A day for the “slash” riders
Tschopp’s lead quickly faded as a result of Garmin-Sharp’s pace and dropped to 20 seconds on the final remnants of the descent. Once the course flattened, Tschopp was caught less than 7 miles from the finish. The race began to take shape for the sprinters in a peloton that had been thinned to only about 50 riders. Matthews, having stayed near the front of the pack after being swallowed up on the final climb used his remaining power to position himself for the sprint. Without teammates, Matthews was forced to look to other rider’s wheels to set up the sprint. “I tried to follow (Freddie) Rodriguez, because I heard he’s a pretty good sprinter.” He said. After losing a couple of positions in the pack, Matthews took the wheel of Rory Sutherland, and started his sprint at 200 meters to take the win. Vande Velde maintained his hold on the yellow jersey with smart tactical riding by the Argyle boys.

In the post race press conference both Duggan and Matthews acknowledged that today’s stage was a race for the climbers- slash- sprinters. While stating that he did not have a very good tactical race, he did acknowledge that he specifically tabbed today’s stage as one that suited his abilities in both climbing and sprinting. After coming up short earlier this year at the Tour of California, Matthews explained that his realistic ambitions were set for stages 3 and 4 due to their moderate climbs and potential for sprint finishes.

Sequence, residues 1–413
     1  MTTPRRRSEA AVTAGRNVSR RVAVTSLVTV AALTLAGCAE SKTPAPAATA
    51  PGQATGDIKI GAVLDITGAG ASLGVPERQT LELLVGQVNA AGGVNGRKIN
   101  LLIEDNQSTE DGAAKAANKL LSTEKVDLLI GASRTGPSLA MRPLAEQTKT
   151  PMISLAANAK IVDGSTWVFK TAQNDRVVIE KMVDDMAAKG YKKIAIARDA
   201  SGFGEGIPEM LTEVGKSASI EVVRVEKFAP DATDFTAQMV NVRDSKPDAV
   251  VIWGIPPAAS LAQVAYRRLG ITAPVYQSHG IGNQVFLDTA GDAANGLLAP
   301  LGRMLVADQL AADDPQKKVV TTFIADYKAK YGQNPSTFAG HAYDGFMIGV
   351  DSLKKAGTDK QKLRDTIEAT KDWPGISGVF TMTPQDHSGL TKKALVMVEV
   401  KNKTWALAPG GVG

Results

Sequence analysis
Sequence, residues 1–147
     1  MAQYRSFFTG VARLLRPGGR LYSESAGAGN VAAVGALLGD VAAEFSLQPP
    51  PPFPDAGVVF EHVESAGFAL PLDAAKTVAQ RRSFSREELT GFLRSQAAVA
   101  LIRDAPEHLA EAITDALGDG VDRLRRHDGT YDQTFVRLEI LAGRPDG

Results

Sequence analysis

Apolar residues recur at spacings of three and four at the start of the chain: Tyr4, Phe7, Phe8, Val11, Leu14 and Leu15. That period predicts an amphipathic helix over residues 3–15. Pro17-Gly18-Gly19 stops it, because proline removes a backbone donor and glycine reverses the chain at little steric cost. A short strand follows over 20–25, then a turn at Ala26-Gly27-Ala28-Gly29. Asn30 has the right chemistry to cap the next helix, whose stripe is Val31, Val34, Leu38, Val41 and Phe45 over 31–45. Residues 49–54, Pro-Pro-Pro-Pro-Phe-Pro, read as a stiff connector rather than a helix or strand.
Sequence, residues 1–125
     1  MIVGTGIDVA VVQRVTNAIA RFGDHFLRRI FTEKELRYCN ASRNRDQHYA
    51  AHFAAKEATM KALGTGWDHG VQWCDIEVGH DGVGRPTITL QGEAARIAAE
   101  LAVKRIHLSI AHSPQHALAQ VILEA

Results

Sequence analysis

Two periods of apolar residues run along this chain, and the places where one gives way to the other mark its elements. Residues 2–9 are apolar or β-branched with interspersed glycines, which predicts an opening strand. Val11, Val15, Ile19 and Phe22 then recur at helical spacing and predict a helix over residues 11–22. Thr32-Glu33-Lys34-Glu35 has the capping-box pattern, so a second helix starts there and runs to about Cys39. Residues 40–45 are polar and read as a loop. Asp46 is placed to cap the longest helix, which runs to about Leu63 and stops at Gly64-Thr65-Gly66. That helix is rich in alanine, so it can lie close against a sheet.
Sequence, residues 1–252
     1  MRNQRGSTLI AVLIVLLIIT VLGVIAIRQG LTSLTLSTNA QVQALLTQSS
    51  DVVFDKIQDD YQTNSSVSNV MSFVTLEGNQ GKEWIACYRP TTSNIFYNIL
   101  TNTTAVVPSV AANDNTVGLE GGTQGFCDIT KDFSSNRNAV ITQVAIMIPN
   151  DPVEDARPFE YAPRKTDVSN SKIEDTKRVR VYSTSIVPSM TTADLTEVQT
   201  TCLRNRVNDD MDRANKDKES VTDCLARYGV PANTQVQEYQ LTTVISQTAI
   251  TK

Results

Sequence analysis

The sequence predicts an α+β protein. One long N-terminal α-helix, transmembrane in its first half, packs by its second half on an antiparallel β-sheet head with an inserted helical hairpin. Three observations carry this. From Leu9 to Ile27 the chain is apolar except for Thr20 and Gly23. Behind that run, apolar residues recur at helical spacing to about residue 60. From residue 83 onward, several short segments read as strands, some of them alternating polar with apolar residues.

The calm before the storm
Stage 4, a 134.3 mile rolling jaunt through Lehi and West Valley City offers a mostly rolling course where sprint points will be the favor of the day. Following Stage 4, the race will get very serious as the Queen stage looms through Little Cottonwood Canyon and its HC climb up the Snowbird Ski Resort. The race will conclude in similar fashion on Sunday with one final beyond category KOM up Empire Pass en route to the finish in Park City. The significant number of climbs in the final days means that race organizers have thrown down the gauntlet on whether the Tour of Utah really is the most difficult stage race in the country.

• Stay tuned for more as we ride along with Team Competitive Cyclist on Stage 4.